Olly Knussen’s marvellous Flourish With Fireworks, performed as an opener at the First Night of the Proms, was a seemly way to mark the sad news of his death.
In other respects it was a concert where it might have been better to be outside rather than inside the Albert Hall. Not because of any lack in musical quality, but because of the effective projections that accompanied Anna Meredith’s Five Telegrams—though there was a half-hearted attempt to reproduce them inside the auditorium, they worked far better on the outer shell of the building.
Meredith’s score is inspired by impersonal multiple choice postcards sent by soldiers on the front in the Great War (see The Guardian for a fuller account). Her response to them was both monumental and moving, the massed forces deployed effectively (if sometimes a little mechanistically) in the brutal climaxes and with hypnotic tenderness elsewhere.
The work was a co-commission by the BBC and the Edinburgh International Festival, so there will be another chance to hear it in the opening concert in Scotland on 3rd August. As well as all the other delights offered by the Edinburgh Festival, there is also a fair bit of other new(ish) music to be found there, including works by Thea Musgrave, Eric Whitacre, John Estacio, Arvo Pärt, Toru Takemitsu, Esa-Pekka Salonen and a world premiere from Peder Barratt-Due. EIF will also be making a contribution to the ongoing Bernstein festivities, with performances of his Piano Trio, Arias and Bacarolles, Symphony No 2 The Age of Anxiety, Serenade, Symphonic Dances from West Side Story and Three Dance Episodes from On the Town.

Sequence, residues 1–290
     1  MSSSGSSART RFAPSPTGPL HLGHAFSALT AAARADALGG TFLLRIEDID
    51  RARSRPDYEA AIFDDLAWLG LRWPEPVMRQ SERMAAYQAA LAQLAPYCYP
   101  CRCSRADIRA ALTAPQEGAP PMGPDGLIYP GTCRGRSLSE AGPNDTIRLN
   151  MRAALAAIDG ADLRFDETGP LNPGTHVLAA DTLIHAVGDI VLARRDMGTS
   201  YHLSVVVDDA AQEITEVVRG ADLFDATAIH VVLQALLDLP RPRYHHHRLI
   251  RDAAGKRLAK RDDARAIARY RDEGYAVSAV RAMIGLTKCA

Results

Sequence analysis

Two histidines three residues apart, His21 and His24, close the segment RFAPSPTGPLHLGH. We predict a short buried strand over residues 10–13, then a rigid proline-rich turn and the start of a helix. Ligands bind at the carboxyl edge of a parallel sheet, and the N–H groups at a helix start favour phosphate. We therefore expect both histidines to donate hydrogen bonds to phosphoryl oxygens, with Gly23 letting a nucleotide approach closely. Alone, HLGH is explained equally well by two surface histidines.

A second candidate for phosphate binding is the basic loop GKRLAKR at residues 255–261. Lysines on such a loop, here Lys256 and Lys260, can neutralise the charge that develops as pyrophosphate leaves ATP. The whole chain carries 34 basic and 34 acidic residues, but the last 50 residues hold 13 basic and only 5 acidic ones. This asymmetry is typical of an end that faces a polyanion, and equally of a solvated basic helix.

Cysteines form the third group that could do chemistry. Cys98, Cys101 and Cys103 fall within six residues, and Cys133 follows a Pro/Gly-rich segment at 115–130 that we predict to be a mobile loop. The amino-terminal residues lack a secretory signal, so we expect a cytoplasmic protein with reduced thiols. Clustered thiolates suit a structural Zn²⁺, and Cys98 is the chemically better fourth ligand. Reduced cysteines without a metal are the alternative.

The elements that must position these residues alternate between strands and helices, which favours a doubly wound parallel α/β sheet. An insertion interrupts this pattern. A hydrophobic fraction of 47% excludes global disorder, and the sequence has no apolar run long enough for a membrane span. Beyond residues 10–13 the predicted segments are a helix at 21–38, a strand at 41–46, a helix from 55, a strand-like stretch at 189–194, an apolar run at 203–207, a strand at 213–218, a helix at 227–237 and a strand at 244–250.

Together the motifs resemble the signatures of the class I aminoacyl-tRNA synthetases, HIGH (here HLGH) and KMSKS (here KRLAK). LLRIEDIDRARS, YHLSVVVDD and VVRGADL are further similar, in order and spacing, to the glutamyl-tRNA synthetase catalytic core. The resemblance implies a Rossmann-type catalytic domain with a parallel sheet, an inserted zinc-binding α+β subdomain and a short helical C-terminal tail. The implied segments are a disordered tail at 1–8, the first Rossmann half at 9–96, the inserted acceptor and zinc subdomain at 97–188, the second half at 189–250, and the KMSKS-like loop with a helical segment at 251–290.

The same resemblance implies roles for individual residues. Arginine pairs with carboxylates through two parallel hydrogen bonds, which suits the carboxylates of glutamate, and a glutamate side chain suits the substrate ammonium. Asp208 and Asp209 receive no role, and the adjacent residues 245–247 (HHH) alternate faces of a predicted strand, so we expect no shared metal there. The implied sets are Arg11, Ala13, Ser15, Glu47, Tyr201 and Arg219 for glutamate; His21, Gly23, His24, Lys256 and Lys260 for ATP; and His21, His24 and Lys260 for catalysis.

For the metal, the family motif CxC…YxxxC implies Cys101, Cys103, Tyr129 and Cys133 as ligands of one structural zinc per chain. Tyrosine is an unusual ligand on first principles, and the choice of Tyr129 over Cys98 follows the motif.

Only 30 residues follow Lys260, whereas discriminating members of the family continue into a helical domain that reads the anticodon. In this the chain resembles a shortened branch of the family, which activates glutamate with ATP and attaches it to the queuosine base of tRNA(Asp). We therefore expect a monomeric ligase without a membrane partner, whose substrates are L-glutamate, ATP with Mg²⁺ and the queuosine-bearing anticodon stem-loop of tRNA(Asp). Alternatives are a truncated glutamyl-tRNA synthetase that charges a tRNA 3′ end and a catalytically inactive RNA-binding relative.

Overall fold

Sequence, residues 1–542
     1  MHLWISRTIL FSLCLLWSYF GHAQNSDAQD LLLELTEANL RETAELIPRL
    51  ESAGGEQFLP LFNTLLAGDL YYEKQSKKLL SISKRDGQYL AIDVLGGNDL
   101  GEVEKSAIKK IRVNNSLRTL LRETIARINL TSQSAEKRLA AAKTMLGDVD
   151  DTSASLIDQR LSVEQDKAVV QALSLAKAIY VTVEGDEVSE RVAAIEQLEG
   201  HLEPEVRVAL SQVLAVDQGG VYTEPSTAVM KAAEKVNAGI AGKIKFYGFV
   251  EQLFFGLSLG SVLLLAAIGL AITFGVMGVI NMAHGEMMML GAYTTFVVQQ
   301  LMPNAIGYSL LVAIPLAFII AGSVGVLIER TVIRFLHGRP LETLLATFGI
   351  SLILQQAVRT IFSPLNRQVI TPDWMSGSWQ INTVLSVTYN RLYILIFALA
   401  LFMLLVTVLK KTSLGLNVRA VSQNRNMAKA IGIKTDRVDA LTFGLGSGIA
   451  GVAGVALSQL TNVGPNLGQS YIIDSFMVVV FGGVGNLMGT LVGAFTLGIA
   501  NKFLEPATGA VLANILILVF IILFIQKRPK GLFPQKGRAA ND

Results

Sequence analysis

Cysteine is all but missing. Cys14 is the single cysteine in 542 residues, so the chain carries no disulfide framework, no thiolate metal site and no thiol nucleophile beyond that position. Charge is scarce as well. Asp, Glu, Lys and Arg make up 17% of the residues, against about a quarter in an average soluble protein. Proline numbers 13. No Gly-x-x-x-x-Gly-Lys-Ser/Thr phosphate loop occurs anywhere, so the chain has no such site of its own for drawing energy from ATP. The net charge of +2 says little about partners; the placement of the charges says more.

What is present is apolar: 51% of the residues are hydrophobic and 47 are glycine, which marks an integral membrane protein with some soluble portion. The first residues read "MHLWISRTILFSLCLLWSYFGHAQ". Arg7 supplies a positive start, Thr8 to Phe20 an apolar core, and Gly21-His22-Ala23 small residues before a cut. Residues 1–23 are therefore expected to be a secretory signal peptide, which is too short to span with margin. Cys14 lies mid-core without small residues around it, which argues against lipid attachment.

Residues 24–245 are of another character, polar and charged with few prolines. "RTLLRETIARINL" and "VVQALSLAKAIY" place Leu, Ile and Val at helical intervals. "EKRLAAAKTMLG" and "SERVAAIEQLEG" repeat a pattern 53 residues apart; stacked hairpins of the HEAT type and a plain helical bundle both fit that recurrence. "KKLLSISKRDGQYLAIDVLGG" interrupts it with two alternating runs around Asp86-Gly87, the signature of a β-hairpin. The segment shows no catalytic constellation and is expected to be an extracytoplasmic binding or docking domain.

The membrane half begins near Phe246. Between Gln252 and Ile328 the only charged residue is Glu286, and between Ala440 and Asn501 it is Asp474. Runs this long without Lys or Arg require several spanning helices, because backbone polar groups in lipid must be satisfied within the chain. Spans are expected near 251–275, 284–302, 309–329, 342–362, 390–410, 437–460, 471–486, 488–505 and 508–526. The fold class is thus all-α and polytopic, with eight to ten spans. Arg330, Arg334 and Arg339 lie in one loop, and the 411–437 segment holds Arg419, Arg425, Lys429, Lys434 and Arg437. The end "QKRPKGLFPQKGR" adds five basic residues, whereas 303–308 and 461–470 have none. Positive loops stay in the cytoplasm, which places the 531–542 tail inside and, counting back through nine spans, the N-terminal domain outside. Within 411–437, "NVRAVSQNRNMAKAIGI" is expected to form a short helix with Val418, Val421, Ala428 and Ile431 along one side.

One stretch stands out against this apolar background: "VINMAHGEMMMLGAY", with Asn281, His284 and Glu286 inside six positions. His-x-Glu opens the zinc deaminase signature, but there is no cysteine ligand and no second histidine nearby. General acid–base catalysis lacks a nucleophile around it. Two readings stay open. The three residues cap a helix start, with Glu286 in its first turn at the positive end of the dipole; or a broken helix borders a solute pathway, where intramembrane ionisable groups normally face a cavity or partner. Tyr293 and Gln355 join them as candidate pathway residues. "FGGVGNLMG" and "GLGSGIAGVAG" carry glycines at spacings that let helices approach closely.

To return to the Proms briefly. As I often say, do keep popping back to this blog post, here, to see C:T’s summary of the rest of the new music available there. Like last year the BBC does seem to be adding video content at these links (just click on the date) so you can also catch up on what you’ve missed. The first night is already there though the three premieres on 15th are so far only available on BBC iPlayer.
If you are taking time to catch up on that concert, may I heartily recommend you listen to the splendid Sidechaining, a new work by C:T’s very own David Bruce, available directly, here.